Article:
London, United Kingdom — U.K. supermarket chain Waitrose is switching its milk packaging from plastic bags back to plastic bottles because of low sales. In a completely opposite move, competitor Sainsbury's is launching bagged milk at all of its stores.
In mid-2007, Waitrose started selling milk in plastic bags, a move that drastically cut down on the amount of plastic that went into its packaging. The bags are used by placing them in reusable jugs, which hold them in place while they are poured. Waitrose sold both its store brand milk and Calon Wen milk in bags.
The company said it decided to go back to bottles because low demand led to large amounts of wasted milk. The bottles that the company uses are made of commonly-recycled HDPE (identified by resin code number 2), and contain 10 percent recycled content. By 2012, the bottles will have 20 percent recycled content.
Sainsbury's, meanwhile, is selling milk in plastic bags at all of its stores after testing the packaging for 18 months in 50 stores. The company will be the first to carry Dairy Crest's bagged milk, which uses 75 percent less packaging than bottled milk and also costs 6 pence less.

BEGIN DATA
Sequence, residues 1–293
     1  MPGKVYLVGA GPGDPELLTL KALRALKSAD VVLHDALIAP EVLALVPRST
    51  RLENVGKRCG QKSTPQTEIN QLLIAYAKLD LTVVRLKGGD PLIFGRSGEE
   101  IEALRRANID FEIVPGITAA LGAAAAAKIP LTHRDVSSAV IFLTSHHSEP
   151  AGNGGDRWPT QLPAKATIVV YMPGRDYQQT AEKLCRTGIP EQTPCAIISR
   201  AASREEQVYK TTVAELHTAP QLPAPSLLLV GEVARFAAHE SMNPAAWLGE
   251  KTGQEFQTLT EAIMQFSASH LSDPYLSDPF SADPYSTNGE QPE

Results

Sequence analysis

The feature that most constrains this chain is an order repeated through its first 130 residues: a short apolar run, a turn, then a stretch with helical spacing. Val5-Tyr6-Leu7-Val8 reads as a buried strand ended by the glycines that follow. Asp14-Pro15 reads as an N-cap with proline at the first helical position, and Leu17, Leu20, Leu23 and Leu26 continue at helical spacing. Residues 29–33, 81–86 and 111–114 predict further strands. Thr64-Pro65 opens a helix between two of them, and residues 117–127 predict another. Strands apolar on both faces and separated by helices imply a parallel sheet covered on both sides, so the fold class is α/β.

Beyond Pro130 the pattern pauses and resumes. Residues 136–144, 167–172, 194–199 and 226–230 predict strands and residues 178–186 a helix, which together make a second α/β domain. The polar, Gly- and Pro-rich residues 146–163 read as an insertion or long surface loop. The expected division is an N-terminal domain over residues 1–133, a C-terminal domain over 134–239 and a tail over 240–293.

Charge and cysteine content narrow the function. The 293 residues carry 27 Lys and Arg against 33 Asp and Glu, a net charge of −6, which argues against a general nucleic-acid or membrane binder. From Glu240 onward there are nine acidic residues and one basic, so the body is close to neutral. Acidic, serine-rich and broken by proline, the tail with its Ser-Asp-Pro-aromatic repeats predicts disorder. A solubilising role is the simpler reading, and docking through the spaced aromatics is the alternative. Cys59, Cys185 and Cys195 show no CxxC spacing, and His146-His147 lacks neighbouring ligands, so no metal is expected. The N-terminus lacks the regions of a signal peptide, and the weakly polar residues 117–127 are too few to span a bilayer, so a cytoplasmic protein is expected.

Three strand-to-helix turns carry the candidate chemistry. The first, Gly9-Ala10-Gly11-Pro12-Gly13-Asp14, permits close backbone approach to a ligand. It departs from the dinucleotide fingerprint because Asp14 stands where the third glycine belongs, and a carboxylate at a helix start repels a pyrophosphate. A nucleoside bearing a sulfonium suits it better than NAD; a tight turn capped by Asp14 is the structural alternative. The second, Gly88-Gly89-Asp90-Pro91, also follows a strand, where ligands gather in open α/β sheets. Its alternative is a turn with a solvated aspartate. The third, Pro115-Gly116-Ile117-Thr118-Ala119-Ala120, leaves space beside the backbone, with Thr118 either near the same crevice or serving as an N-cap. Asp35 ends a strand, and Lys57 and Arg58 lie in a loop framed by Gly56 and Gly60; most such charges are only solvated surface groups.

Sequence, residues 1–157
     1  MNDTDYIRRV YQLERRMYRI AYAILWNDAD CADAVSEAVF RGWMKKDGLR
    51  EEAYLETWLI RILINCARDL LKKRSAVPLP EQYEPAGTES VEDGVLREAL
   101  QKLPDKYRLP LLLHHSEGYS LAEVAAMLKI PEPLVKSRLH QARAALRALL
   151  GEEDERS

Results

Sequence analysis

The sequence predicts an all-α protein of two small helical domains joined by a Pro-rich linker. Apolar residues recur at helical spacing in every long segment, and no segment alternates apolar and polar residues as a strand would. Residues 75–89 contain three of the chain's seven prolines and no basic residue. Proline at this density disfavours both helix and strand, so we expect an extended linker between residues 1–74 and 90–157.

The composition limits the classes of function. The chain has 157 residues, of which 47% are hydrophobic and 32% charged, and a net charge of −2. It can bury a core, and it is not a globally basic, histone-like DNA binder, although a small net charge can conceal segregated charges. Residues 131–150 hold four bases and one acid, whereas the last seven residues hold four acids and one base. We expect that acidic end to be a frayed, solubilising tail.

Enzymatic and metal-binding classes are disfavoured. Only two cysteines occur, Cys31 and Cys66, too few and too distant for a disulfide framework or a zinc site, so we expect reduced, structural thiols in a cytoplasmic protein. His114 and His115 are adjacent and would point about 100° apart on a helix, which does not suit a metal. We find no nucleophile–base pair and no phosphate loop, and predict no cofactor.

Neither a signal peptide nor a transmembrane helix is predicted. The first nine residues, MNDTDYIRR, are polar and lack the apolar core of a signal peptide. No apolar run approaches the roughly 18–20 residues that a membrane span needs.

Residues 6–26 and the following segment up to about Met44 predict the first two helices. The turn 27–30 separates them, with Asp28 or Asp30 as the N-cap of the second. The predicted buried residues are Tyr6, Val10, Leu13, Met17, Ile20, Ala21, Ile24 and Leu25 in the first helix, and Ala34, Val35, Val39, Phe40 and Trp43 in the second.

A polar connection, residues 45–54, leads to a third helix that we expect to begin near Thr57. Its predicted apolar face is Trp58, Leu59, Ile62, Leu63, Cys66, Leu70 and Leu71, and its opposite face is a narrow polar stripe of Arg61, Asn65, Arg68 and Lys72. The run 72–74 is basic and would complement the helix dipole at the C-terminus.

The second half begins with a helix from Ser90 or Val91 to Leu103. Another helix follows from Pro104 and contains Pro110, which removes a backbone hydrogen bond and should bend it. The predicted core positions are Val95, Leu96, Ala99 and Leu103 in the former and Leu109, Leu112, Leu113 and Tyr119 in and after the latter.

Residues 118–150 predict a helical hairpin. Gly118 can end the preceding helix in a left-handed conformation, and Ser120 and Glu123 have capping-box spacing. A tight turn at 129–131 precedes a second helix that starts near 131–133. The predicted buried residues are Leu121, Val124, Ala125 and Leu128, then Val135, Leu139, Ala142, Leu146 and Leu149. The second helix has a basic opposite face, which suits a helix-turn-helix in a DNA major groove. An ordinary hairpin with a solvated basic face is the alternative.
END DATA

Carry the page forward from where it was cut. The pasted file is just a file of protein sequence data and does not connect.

Sainsbury's is also giving away more than half a million of Dairy Crest's Jugit reusable jugs to customers this month.
Milk in bags is common in some places like Canada, but is still in the early stages of testing and acceptance in other countries. Other packaging-reduction techniques that companies are using include hybrid packaging that puts a plastic bag within a paper shell, like the GreenBottle used for milk at Asda and the container made by Ecologic Brands being tested by Whole Foods Market.
Bagged milk - CC license by Flickr user david.orban